The Netherlands serves as a conduit country for international tax dodging, leading to huge revenue losses in developing countries, a Dutch research agency stated in a report published Tuesday.
According to the report, published by SOMO under the name "Should the Netherlands sign tax treaties with developing countries?", Dutch double taxation treaties (DTA's) lead to huge revenue losses in developing countries because they reduce taxation on passive income.
"This is in contradiction to the Dutch government's policy coherence for development," SOMO said in a statement.
Research showed that out of the 36 researched countries, 28 countries together lose 771 million euros (1,023 million U.S. dollars) on dividend and interest tax income alone every year.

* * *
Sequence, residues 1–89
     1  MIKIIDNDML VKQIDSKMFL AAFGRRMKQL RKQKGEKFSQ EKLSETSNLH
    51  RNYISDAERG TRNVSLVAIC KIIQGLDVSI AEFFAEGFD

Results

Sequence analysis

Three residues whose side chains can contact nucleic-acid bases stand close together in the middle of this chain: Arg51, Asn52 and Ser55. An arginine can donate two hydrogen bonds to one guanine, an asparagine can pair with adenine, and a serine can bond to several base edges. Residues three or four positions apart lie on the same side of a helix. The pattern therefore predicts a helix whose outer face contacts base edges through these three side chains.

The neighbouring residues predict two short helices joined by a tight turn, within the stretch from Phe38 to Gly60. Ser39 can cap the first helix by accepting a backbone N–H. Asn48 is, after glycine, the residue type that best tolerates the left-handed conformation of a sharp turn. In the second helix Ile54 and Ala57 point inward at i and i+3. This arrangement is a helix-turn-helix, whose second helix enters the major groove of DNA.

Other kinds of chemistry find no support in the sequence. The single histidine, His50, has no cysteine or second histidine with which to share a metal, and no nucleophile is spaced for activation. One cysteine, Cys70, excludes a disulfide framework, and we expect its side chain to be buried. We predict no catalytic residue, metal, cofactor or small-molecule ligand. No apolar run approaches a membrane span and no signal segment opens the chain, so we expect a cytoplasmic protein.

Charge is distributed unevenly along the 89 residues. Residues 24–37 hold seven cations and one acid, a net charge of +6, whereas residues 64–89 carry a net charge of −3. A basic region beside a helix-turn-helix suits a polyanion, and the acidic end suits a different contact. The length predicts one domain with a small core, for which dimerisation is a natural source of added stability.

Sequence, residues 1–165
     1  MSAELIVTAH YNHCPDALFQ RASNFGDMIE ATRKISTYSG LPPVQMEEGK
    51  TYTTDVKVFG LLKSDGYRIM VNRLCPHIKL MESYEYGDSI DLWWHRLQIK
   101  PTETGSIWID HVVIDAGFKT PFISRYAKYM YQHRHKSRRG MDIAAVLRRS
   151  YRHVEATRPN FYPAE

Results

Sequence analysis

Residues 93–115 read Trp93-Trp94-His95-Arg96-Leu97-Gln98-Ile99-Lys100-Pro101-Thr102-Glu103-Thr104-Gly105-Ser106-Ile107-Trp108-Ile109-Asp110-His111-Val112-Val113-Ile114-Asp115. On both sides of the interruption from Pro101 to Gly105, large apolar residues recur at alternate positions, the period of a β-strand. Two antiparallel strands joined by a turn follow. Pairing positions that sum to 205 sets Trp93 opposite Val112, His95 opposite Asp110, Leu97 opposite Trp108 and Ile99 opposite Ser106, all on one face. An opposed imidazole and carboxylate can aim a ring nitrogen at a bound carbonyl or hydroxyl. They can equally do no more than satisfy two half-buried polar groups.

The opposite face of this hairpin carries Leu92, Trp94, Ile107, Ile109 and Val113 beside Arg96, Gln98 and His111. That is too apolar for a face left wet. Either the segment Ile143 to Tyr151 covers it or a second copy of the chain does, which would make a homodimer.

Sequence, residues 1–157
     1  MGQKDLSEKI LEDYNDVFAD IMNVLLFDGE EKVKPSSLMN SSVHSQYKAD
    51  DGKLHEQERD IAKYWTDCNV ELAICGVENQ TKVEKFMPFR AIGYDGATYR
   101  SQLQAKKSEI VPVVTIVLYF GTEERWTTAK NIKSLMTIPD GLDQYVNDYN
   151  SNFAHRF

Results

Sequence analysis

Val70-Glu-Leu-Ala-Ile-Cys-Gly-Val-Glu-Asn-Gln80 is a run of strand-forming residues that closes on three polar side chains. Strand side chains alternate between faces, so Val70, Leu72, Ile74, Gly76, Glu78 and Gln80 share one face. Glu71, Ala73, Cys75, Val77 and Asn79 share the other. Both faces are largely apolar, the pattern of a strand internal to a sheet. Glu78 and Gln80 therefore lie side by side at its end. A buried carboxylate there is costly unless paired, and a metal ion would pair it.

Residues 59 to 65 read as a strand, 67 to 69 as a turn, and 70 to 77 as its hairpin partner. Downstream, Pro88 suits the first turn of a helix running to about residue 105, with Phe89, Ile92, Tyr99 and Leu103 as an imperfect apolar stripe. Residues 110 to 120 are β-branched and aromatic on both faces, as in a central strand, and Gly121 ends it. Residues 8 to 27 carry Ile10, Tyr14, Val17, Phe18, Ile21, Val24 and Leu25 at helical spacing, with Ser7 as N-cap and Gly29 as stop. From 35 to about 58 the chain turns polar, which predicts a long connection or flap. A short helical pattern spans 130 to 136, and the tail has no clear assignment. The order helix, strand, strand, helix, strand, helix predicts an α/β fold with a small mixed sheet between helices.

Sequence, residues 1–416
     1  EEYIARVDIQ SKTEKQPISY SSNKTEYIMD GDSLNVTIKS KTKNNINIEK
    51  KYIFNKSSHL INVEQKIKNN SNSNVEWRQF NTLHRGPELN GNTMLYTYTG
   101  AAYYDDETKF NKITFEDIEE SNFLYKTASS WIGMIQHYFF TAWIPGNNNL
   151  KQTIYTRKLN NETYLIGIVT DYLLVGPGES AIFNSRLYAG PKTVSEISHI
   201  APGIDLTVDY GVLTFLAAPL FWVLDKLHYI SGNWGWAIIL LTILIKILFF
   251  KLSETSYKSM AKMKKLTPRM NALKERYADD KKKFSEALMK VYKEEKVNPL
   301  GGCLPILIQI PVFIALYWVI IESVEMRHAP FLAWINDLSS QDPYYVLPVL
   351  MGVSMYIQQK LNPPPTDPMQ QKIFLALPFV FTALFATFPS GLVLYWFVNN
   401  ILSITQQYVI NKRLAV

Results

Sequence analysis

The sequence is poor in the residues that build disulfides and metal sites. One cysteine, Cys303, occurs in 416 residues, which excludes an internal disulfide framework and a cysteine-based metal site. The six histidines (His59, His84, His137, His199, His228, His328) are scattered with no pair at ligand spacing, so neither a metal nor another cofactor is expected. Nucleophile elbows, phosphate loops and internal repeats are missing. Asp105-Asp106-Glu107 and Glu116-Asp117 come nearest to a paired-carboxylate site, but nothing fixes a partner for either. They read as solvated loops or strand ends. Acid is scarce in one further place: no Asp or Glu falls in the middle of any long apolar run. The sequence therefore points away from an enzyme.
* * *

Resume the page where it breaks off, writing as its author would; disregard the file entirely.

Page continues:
But SOMO thinks that the total revenue loss resulting from Dutch DTAs will be much higher. "This is because tax avoidance through profit shifting with the use of royalties and capital gains are not included in the calculations," the statement said.
"The Dutch government's claim that treaties are beneficial for developing countries is simply not true. This report shows that Dutch tax treaties have a seriously negative impact on poor countries' revenue and that there is no evidence that these tax losses are compensated with an increase in investment as a result of having DTAs," said SOMO researcher Katrin McGauran.
Last year, Mongolia annulled its tax agreement with The Netherlands following claims that the deal allows multinationals to avoid paying tax.
State Secretary of Finance Frans Weekers and a majority of the House recently denied that the Netherlands is a tax haven. According to Weekers, Dutch tax treaties with developing countries have a beneficial effect because they provide more investment.